A total of £330m from dormant accounts is set to be released to support projects for housing vulnerable people and helping disadvantaged young people into work, the government has announced.
The money, which has come from bank and building society accounts that have not been accessed for 15 years or more, will be given out by the Big Lottery Fund and Big Society Capital over the next four years, according to a statement made today by the Department for Digital, Culture, Media and Sport.
Added to the £360m previously directed to good causes, this funding will bring the total handed out by the dormant accounts scheme since it was launched under the Labour government in 2008 to more than £0.5bn.
Of the £330m, up to £135m will be given to BSC to fund stable, long-term accommodation for vulnerable people such as homeless people and those with mental health difficulties, as well as providing support for local charities and social enterprises, the statement said.
This will include £10m for BSC’s sister organisation Access – the Foundation for Social Investment.
A DCMS spokeswoman said the money distributed by BSC would be given out as investment loans rather than grants.
The government statement said about £90m of the funds would support projects helping disadvantaged young people into employment through initiatives that would be designed by the DCMS, the BLF and the Department for Education, with input from young people.
Another £55m will be awarded to financial inclusion initiatives to help people tackle problem debt and improve access to financial products and services.
The remaining £50m will be earmarked for good causes in Scotland, Wales or Northern Ireland and will be distributed by the BLF.
The DCMS spokeswoman said there would be announcements in due course about how charities and social enterprises could access the funding.
Tracey Crouch, the Minister for Sport and Civil Society, said: "By unlocking millions of pounds from dormant accounts for a range of good causes, we can make a real difference to lives and communities across the country."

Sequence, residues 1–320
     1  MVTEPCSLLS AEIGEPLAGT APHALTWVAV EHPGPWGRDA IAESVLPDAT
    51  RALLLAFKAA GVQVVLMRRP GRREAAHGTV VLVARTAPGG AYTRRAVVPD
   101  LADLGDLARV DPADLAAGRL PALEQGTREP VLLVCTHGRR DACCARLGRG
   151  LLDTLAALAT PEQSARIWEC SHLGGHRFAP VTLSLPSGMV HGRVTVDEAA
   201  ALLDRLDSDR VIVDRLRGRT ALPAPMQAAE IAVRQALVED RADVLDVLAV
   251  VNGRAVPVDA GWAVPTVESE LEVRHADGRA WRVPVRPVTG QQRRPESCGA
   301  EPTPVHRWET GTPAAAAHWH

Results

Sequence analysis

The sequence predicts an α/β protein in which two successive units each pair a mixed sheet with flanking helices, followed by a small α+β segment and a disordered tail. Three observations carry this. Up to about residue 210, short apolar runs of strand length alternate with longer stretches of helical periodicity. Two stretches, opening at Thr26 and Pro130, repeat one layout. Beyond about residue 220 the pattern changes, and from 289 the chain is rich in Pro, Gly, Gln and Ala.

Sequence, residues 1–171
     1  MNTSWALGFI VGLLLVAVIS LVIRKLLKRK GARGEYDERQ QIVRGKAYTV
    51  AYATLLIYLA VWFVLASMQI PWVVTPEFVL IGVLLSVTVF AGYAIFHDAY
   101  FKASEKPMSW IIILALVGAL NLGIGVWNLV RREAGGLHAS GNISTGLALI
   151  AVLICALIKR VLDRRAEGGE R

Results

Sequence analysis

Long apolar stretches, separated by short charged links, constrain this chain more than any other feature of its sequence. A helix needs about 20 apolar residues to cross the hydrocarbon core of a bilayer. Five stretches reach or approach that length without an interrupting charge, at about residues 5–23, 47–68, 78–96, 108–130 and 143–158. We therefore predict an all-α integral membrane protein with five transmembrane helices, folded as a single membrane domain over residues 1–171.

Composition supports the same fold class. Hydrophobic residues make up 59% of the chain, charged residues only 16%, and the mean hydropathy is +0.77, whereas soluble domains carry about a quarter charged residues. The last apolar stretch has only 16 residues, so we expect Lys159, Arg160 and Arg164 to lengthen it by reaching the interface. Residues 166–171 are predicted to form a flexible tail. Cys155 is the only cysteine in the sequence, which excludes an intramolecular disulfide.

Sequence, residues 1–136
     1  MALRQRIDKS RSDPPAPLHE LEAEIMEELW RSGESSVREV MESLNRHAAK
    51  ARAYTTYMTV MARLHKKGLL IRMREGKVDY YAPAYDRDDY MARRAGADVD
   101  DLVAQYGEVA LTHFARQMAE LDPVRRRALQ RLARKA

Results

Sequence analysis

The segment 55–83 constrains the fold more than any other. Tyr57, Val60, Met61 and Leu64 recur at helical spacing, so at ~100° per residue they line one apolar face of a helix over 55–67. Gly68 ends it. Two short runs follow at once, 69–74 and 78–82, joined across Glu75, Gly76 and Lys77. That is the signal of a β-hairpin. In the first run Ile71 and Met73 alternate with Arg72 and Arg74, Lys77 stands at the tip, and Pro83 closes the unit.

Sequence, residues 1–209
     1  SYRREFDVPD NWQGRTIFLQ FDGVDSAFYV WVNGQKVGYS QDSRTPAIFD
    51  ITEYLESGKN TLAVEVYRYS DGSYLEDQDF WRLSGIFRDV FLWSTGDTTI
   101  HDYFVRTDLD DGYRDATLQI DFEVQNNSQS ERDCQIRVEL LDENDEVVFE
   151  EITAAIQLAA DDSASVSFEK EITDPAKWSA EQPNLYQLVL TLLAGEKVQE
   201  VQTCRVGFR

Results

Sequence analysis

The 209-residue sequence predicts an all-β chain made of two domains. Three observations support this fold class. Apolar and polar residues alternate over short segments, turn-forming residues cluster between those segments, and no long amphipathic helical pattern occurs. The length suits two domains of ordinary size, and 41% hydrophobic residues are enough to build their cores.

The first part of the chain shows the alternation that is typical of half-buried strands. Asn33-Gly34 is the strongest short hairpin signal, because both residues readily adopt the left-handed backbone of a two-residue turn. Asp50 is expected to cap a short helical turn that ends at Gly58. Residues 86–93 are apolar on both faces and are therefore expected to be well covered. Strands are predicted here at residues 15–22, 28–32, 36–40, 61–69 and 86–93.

She said she was grateful to the banks and building societies involved and to Reclaim Fund, the organisation that administers the dormant assets scheme.
"Working in close partnership with the financial sector and civil society, we are determined to help create a country that works for everyone and build a Britain fit for the future," said Crouch.
In a joint statement, Cliff Prior, chief executive of BSC, and Seb Elsworth, chief executive of Access, said the capital would enable many more charities and social enterprises to deliver larger and more innovative solutions to issues such as homelessness and to support communities experiencing disadvantage.
Dawn Austwick, chief executive of the BLF, said: "This funding will give people the opportunity to take the lead in making lasting and sustainable change in their lives and communities."
Peter Holbrook, chief executive of the umbrella body Social Enterprise UK, said it was right the funding should help disadvantaged young people into work.
But he said changes in policy to address the causes of some of these problems were missing from the announcement.
"There is a danger that we are spending money on treating the symptoms and not curing the disease," he said. "We need to see a change in tack over the roll-out of universal credit and benefit sanctioning, real progress on building genuinely affordable housing, tighter regulation of online and high-street gambling and lending, stronger employment rights and better routes into vocational work for young people."